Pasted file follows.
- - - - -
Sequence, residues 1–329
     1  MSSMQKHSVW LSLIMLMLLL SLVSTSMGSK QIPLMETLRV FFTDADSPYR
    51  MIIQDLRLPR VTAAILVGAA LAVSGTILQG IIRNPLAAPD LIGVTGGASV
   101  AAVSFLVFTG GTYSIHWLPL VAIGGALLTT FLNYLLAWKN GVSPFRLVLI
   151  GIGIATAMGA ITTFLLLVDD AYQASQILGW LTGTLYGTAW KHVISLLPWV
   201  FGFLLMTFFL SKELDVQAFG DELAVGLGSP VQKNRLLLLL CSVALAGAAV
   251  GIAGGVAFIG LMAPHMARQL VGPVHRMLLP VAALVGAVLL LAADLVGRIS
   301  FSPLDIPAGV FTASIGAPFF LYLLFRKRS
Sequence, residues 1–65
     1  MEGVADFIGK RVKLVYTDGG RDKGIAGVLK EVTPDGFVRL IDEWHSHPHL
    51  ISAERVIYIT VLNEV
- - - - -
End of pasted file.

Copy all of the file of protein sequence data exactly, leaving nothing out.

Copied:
Sequence, residues 1–329
     1  MSSMQKHSVW LSLIMLMLLL SLVSTSMGSK QIPLMETLRV FFTDADSPYR
    51  MIIQDLRLPR VTAAILVGAA LAVSGTILQG IIRNPLAAPD LIGVTGGASV
   101  AAVSFLVFTG GTYSIHWLPL VAIGGALLTT FLNYLLAWKN GVSPFRLVLI
   151  GIGIATAMGA ITTFLLLVDD AYQASQILGW LTGTLYGTAW KHVISLLPWV
   201  FGFLLMTFFL SKELDVQAFG DELAVGLGSP VQKNRLLLLL CSVALAGAAV
   251  GIAGGVAFIG LMAPHMARQL VGPVHRMLLP VAALVGAVLL LAADLVGRIS
   301  FSPLDIPAGV FTASIGAPFF LYLLFRKRS
Sequence, residues 1–65
     1  MEGVADFIGK RVKLVYTDGG RDKGIAGVLK EVTPDGFVRL IDEWHSHPHL
    51  ISAERVIYIT VLNEV